New York, New YorktoChristiansburg, Virginia

Walking around Brooklyn as the evening arrives. It’s in the mid 30s (mid 90s if you’re native) and humid. The fire hydrants on the side streets have been let loose and with every sideways glance off the main road you see them, spurting out and misting the dusking day. Sometimes they spray alone and sometimes there’s company, children dancing through the water. Some are enthusiastic in their perpetual baptism of the sidewalk while others just slump a fat stream into the gutter. There’s that Saul Bellow line I once read quoted: “On some nights New York is as hot as Bangkok”.

By 08:30 the sun is already strong and most of the hydrants have sobered from the night before. The everyday has settled in again. On the sidewalks, in the sun, men are asleep, their bodies splayed out in organic shapes. Everything else is concrete and perpendicular.

Cross Brooklyn Bridge and you’re all of a sudden in Manhattan and start to feel like an inconvenience.

On the upper east side kids hum Mozart in pizza joints.

I drove for two hours today for purely immature reasons. Intercourse, PA is in the middle of Amish Dutch Country, thus named because the Americans confused “Deutsch”, the language of the Amish, with “Dutch” and then refused to subsequently correct themselves – a familiar story.

Now in Frederick MA I’m lying on a bed eight times my size. The room is vast but seedy. I feel like some kind of compromised monarch.

To get food that evening I had to run across a six lane highway to a gas station. Via touch screen I ordered a jumbo beef hotdog. It asked what toppings I wanted. I chose jalapeños, and chillies. It asked whether I wanted melted cheese. Yes, obviously. And what sauces? I chose chilli, mustard and ketchup. I couldn’t buy a beer because I’d left my driving license in the room.

After making it back to the bed via the same hectic route, the hot dog has turned to meat and mush, the bun all dissolved from the running and the sauces.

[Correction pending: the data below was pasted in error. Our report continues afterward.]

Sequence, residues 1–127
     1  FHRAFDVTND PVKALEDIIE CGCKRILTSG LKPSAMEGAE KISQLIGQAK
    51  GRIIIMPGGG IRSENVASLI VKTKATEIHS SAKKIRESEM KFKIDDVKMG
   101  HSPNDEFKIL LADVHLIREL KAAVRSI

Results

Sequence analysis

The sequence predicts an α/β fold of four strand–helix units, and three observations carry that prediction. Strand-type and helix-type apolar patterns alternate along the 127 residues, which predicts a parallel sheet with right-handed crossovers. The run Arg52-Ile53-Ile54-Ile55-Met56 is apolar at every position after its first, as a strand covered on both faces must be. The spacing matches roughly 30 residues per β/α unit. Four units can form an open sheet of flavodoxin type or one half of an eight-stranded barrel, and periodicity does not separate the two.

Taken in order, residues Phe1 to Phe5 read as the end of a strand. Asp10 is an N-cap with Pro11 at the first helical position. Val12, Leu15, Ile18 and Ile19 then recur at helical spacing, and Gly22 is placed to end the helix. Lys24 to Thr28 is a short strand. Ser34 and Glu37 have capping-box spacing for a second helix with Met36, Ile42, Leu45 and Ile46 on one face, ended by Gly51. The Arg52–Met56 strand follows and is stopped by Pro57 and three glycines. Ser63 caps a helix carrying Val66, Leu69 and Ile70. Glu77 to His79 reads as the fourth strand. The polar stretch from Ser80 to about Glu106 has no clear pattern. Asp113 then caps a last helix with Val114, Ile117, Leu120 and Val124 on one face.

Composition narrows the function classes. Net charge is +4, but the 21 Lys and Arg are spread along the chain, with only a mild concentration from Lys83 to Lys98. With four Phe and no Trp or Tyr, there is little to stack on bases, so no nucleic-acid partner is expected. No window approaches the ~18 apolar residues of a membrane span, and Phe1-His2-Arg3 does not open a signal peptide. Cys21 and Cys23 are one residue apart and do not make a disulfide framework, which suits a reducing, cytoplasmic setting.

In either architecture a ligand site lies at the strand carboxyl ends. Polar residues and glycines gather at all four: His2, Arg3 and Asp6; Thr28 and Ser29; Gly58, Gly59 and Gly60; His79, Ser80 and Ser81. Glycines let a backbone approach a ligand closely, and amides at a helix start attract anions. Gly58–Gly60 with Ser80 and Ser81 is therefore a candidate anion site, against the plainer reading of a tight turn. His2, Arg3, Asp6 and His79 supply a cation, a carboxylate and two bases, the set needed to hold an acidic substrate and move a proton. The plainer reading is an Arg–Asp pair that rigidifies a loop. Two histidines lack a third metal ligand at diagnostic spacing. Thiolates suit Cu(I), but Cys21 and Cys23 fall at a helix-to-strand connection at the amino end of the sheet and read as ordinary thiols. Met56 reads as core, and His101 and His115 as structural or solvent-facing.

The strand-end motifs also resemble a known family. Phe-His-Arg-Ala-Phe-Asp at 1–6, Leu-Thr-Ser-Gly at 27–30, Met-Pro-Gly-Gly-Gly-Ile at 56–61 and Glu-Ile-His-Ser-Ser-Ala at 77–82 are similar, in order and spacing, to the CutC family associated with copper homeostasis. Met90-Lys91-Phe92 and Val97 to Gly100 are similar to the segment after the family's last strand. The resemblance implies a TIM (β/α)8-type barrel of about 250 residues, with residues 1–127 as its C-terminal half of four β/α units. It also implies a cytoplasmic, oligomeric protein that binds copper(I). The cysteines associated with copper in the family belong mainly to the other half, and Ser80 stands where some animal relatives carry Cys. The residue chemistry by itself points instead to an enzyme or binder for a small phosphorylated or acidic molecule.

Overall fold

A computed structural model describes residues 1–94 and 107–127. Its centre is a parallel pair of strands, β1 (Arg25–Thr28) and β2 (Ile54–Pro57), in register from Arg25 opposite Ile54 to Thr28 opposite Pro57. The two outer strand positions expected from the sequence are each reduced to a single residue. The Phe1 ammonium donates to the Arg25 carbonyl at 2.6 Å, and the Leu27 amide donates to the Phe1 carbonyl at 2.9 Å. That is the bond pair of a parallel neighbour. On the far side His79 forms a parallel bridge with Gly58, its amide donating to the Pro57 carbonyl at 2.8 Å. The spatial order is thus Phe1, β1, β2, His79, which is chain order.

A commercial on the radio for the buffet at Hungry Mother National Park:

A frighteningly enthusiastic man names everything available to eat. The list of foodstuffs doesn’t stop after 15 seconds of rapid recitation and when it finally does our narrator adds (with full-pitch excitement) “and much, much, more!” The voice then begins to extol the virtues of the restaurant but finishes with the cautionary remark “But don’t take my word for it!” And just in case we were about to be so rash we are overwhelmed with a parade of other people’s words for it: heavily accented Southerners sincerely inform us of their devotion to the place, beginning with a fat sounding woman who assures us with a poetic clarity: “It’s great!”


“Most of everyone” = Everyone.

The Blue Ridge Mountains take their name from the shimmer of blue which emblankets them, caused by light refracting through the isoprene that the trees emit. I also see a dead raccoon, intact except for its smeared head that pins it to the road, tongue out, eyes open, looking surprised to find itself in this arrangement, and dead.

Walking around the campus of Virginia Tech I couldn’t help thinking of the shooting that took place there. Everyone seems normal now.


Lansing, VirginiatoMemphis, Tennessee

When I arrived Dylan was making banana bread with David Bowie playing at max volume. He had already made cornbread and greens and blueberry pie. Above his bed hung a Kalashnikov. Next door, Nic made wine with his mother. Jenny ran the hostel.

After dark and after eating we drove for 3 minutes into “town” to the gallery co-owned by Nic. A friend called Patrick is there playing a guitar into his computer. His girlfriend sits in the corner facing the wall, throwing a pot. Nic picks up a bass guitar and begins to walk it. Patrick turns up his delay pedal and washes out a wave of humming buzzing echoing strings.

In the hypnosis of the music Dylan gets excited, turns off all the lights and delicately places lit candles all around the room. He walks up behind my and whispers in a drunken heaviness,
“Do you smoke marijuana?”
“I don’t know”, I say and he’s delighted.
“Good answer” he says.

In Asheville, NC I meet a man at a bar. He tells me he has nine university degrees, speaks 13 languages, that his father worked on the Manhattan project, that he served in both the Israeli and American armies, had a private discussion with Buckminster Fuller, jammed with Hendrix, organised a Miles Davis concert, flew to work everyday in a friend’s Learjet to teach philosophy at the University of Florida, and so on. His name is Eric and now he runs a second—hand record store.

At the hostel I meet someone called Cosmos. Cosmos will be sleeping on the bunk below me that night at which point I will learn that he snores very loudly. "Nice to meet you” I Englished at him, “Yeah” he drawled back all Southernly.

That night, a Saturday, I walk up and down along Nashville’s lower Broadway. There are neon guitars, pretensions of country music and crowds, all sweaty and squeezed into cowboy boots. Horses walk by blinkered (to save their souls) pulling swaying people through the traffic.